In 2011, I felt very lucky to join Jackdaws OperaPLUS project in which we performed Mozart’s Così fan tutte conducted by Audrey Hyland and directed by Saffron Van Zwanenberg.
I had very recently changed from Soprano to Mezzo and I was at a stage of my development where building experience in mezzo roles was priceless. Not only was the incredible guidance of Audrey and Saffron completely amazing but the invaluable experience of getting a core Mozart role under my belt was so worthwhile. What also made the course so special was meal times together – we were fed so incredibly well but also the numerous and good quality chats with colleagues, Audrey and Saffron. I remember walking back to rehearsals one day after lunch and Audrey mentioned that I should learn Concepción’s aria: “Oh! La pitoyable aventure”. It now remains one of my core arias in my audition package!
Shortly after Così, my career took an extreme turn when I made an unexpected debut at the English National Opera as Omar in The Death of Klinghoffer by John Adams. The head of casting at that time, John McMurray had heard me sing when I took part in the ENO Opera Works Course and offered me the understudy. However, during the stage rehearsals and unbeknownst to me, the role had become available. I was strategically asked to sing Omar’s aria during a stage and piano rehearsal and an hour later the role was offered to me. Looking back now, it was obviously a pivotal moment in my career from which everything else seemingly fell into place.
Ever since my debut, ENO have been incredibly supportive. I have since performed a whole variety of roles, expanding my repertoire on a major operatic stage where I felt nurtured and encouraged whilst working with the best music staff, directors and conductors in the business. I was also very lucky to be surrounded by amazing and incredibly experienced colleagues who really knew their ‘craft’. Not only did I get to watch and observe how they were doing it, but I also learnt the invaluable lessons of the profession: turning up early, knowing your score inside out, being a generous colleague with positive and open energy, and crucially, learning how to ask for what you need to enable yourself to be the best that you can possibly be.
My career has also taken me to places further from home including Japan, France and Germany. My European debut was at Opéra de Lyon as Aksinya in Lady Macbeth of Mtsensk. In Lyon we were performing a Russian opera at a French house. The communication in rehearsals ended up being in four different languages! Russian, French, English and German – such a different experience to the UK!
An opera contract is typically 7-8 weeks long so you really get the opportunity to immerse yourself in another culture and learn a different way of life! The converse learning curve is learning to be away from home, filling your time away from rehearsals and managing homesickness. Again, I’ve been lucky enough to work with more experienced colleagues who have ‘been there, done that’. I remember one remark, ‘I do my taxes when I’m away from home, it gets that job done, it passes time and means I’m free of them at home!’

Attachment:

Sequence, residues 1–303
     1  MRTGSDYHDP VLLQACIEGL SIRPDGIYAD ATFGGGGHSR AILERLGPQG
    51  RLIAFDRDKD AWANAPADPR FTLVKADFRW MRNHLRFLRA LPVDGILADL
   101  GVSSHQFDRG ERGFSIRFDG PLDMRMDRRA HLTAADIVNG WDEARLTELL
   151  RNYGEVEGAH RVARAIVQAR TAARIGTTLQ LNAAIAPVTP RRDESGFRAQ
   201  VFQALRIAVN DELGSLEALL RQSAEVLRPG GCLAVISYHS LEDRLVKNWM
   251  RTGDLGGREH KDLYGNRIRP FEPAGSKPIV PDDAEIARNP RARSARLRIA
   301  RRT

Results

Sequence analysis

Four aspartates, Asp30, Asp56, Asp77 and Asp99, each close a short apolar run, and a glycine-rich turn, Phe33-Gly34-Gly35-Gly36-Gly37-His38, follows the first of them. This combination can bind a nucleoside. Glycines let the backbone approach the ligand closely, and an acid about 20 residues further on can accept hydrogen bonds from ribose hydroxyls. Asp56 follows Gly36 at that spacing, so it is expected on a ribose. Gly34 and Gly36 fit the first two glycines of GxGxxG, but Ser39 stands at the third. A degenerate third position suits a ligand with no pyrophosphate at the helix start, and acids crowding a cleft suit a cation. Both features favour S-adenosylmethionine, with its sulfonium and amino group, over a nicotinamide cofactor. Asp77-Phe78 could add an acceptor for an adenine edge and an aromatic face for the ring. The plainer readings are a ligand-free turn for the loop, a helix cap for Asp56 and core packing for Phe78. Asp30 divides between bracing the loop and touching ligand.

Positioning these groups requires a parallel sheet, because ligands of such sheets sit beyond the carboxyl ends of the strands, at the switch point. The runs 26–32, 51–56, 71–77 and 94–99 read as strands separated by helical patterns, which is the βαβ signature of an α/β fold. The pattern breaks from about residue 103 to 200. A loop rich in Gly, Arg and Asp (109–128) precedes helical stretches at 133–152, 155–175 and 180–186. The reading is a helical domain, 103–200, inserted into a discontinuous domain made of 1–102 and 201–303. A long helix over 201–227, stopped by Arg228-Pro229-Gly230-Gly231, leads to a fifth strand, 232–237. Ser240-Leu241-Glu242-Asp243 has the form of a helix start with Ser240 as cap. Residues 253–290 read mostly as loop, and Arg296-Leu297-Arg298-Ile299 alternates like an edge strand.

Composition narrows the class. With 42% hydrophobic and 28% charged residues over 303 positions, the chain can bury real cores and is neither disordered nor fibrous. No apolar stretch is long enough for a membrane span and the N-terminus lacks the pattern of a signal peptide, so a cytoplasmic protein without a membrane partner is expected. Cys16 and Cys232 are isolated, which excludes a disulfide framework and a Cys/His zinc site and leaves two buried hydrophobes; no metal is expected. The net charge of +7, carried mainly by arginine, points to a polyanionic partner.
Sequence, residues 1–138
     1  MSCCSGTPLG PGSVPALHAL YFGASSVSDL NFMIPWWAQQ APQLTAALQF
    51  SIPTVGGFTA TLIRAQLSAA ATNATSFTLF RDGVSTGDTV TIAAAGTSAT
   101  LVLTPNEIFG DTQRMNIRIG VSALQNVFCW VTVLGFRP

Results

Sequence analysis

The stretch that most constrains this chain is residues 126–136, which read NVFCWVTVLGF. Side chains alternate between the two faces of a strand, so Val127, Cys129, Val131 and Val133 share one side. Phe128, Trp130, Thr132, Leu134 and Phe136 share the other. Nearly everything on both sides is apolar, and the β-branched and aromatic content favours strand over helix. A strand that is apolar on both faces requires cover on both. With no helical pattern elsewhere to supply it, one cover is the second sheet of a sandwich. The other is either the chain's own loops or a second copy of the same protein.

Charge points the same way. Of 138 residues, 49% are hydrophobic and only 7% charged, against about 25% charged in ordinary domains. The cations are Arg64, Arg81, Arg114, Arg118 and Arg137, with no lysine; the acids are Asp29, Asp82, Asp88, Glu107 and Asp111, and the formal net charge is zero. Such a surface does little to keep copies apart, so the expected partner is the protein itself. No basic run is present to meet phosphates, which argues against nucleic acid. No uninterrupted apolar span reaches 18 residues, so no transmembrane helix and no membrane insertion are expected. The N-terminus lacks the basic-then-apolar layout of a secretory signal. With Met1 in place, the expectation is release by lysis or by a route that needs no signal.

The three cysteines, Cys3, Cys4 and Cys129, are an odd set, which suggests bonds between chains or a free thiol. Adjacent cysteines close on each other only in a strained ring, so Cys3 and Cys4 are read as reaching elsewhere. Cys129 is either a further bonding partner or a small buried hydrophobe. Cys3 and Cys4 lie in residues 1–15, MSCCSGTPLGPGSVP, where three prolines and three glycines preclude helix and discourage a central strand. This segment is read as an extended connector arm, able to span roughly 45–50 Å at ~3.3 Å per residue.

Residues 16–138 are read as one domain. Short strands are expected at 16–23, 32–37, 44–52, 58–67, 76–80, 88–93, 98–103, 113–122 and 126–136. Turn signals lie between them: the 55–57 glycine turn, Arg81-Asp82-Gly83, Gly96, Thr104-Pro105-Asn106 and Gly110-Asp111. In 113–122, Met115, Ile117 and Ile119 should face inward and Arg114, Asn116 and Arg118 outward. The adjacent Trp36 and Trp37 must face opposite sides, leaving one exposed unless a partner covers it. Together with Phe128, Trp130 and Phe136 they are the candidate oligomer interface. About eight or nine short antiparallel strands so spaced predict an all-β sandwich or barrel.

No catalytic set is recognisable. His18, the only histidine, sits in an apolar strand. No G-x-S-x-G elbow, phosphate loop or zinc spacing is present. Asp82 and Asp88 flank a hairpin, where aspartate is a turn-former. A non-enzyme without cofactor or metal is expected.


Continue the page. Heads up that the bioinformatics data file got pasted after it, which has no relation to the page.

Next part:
To date, I have been blessed to play and sing an eclectic mix of roles which I find really exciting. I originally started singing because I wanted to be an actor, and when I discovered opera, a medium in which you both act and sing, there was no turning back! I love delving deep into the drama and nuances of every character I play, particularly those of comedic and dramatic nature. A highlight of which was the title role in ‘Il segreto di Susanna’ by Wolf Ferrari for Opera Holland Park in 2019 but equally more intense and dark characters such as Miss Jessel in ‘The Turn of the Screw’ by Benjamin Britten or ‘Between Worlds’ by Tansy Davies for ENO which is based on the harrowing events of 9/11.
I’ve also been lucky enough to work with a number of living composers which is a real buzz as we can ask them real questions face to face there and then! When a role is written especially for you, the composer will naturally want to know your voice inside out. They will want to know its possibilities and limitations so they can compose in an informed way to maximise what they like about your voice. It’s been interesting as some composers have written to highlight the lower register of my voice (my ‘chest voice’) and some the top! It just goes to show how everyone has their own opinions and preferences. It’s also very satisfying from a dramatic point of view as you can be the first to mould the character from notes and text on a page and into life. Just before the Covid-19 pandemic hit the UK, a professional dream came true: I made my debut at the Royal Opera House, Covent Garden in Gerald Barry’s ‘Alice’s Adventures Under Ground’ (based on Alice in Wonderland and Alice Through the looking Glass) directed by Antony McDonald and conducted by Thomas Adès. I played a whole variety of roles including the Red Queen and the Queen of Hearts. It was the most outrageously brilliant thing I’ve ever been a part of. The pace of the piece goes at lightening speed, not only because you are on stage most of the time but you are also required to make very quick costume changes! Some in less than a minute! It was also wonderful because we played to audiences of both adults and children so the reactions were varied and so rewarding. My son (who was only two at the time) was too young to attend an actual performance but instead ROH organised for him to sit in a box with my husband for our stage and orchestra run through. He sat through the whole thing, good as gold and afterwards came running over to me all giddy saying ‘I saw horses, an egg, a cat…’ It was such a great moment and just goes to show how opera can be accessible for everyone of any age.